The latest from the structuring frontline

What should we be looking out for when the next wave of private debt fundraising gets underway? Guest comment by Gus Black and Mikhaelle Schiappacasse.

Gus Black
Gus Black

As credit managers prepare to get back on the fundraising trail this autumn, there are at least half a dozen themes influencing fund structures. Managers in the UK and other countries outside the EU will also be navigating through a very different regulatory context when marketing to investors in the EU.

Six structuring themes

The following is a (by no means exhaustive) list of some of the influences on structure and terms:

Mikhaelle Schiappacasse
Mikhaelle Schiappacasse

Era of bespoke

Large investors demand bespoke arrangements with an underlying manager in the form of funds-of-one or other separately managed accounts, customised co-investment or direct investment programmes, and other arrangements.

Increasingly these may straddle multiple fund vintages or strategies. It is not uncommon for more than half of the capital raised in a particular strategy to be delivered via these ‘outside the fund’ arrangements.

New investor conduits

Alternative conduits to a strategy are increasingly being used. These include note programmes instead of fund investment – which can be very attractive to insurance company investors across the US, EU and Asia – as well as building interest in retail distribution channels.

Overage and syndication

Overage funds can be used to deal with excess capacity on deals too large to remain in the vehicle in full. Alternatively, such deals are syndicated across multiple investor vehicles or into the market. This raises questions around how fees, including origination fees or original issuer discounts, will be shared across syndicatee vehicles; and how any voting, such as on a restructuring or equity conversion, will work.

Strategy diversification

The trend of managers diversifying into new strategies continues. This is by no means limited to pandemic-related shifts towards opportunistic or special situations strategies. Put simply, sponsors are forming more funds across a wider range of strategies. Overlap in investment mandates is common, which creates the potential for internal competition for investor capital and for deals to be co-invested across multiple funds managed by a sponsor. Strategy diversification increases instances in which different funds are exposed to the same issuer at different points in the capital stack.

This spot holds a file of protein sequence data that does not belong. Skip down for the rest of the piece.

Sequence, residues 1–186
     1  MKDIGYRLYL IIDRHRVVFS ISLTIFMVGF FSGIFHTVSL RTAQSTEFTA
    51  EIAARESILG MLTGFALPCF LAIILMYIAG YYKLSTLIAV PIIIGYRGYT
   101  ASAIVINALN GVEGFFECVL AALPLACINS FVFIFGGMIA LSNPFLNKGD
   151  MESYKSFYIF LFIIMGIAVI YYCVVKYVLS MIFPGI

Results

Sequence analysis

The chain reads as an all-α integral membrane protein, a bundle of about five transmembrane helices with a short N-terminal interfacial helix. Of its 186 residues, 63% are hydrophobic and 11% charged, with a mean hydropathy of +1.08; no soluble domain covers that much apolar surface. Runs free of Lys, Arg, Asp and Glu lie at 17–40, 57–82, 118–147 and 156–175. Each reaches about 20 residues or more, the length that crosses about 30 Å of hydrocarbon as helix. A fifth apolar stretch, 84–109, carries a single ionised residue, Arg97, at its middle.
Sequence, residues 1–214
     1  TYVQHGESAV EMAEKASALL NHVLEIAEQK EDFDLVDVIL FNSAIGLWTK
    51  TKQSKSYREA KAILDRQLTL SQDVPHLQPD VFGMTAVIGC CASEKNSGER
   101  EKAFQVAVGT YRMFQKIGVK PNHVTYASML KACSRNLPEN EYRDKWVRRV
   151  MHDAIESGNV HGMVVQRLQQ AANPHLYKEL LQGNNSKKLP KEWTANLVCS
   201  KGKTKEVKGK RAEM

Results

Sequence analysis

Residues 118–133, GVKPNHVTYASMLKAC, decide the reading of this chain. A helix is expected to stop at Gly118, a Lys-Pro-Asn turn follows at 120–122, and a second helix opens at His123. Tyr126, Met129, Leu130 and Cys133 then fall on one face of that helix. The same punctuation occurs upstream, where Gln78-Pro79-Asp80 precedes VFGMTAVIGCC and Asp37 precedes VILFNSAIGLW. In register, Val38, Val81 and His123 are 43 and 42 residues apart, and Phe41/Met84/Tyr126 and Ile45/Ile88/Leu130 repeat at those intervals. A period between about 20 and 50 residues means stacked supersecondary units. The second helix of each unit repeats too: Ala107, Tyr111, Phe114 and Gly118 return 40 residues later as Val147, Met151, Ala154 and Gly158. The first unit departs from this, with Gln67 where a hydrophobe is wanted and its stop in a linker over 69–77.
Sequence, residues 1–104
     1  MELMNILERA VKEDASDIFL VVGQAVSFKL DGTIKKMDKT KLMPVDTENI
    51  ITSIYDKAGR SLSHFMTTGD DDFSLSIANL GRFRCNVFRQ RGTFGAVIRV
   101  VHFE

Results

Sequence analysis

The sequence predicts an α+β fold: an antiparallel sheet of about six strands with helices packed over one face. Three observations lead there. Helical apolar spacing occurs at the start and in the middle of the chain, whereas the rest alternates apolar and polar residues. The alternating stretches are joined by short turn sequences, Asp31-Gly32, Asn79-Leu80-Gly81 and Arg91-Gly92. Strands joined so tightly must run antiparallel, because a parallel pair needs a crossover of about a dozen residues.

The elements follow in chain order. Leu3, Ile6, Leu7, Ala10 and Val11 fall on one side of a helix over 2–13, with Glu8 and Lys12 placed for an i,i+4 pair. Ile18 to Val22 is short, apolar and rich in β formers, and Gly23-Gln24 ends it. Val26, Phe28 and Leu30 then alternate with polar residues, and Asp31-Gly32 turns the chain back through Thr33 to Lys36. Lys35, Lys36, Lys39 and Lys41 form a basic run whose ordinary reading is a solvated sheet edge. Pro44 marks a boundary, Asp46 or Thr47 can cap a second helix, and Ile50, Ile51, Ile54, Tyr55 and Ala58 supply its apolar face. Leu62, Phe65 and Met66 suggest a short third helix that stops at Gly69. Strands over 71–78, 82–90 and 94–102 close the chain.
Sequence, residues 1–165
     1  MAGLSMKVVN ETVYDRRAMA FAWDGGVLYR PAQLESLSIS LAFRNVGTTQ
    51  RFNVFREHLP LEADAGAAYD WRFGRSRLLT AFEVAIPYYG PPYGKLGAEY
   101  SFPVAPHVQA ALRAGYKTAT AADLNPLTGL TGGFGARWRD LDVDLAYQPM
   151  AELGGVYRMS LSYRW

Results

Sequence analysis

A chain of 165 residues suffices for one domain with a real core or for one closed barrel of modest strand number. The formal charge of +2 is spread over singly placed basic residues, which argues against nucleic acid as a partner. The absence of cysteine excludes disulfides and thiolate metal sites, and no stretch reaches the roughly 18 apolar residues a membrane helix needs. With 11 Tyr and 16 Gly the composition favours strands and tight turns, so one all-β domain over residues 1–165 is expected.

All this places a greater onus on the sponsor’s allocation and conflicts policies and disclosures. In addition, managers have been assessing and refining their ESG approach across all strategies, not least in anticipation of the next phase of the implementation of the EU Sustainable Finance Disclosure Regulation later this year.

Affiliated service provision

Managers are providing a wider range of services to their fund entities, borrowers and third parties, including loan administration and servicing. This can be a win for both managers and investors where such services can be performed more expertly and efficiently in-house. However, careful attention needs to be paid to disclosure, fees and structuring.

Maturing industry

As the industry matures, more funds are going through ‘end of life’ issues, including how to maintain their positions as preferred lenders to their borrowers through multiple fundraising cycles. This results in more cross-fund transactions, fund restructurings, continuation funds and other arrangements, with greater thought being given to these matters now at the outset of a fundraise. This ties in with the continued development of the private debt secondaries market.

Six fundraising developments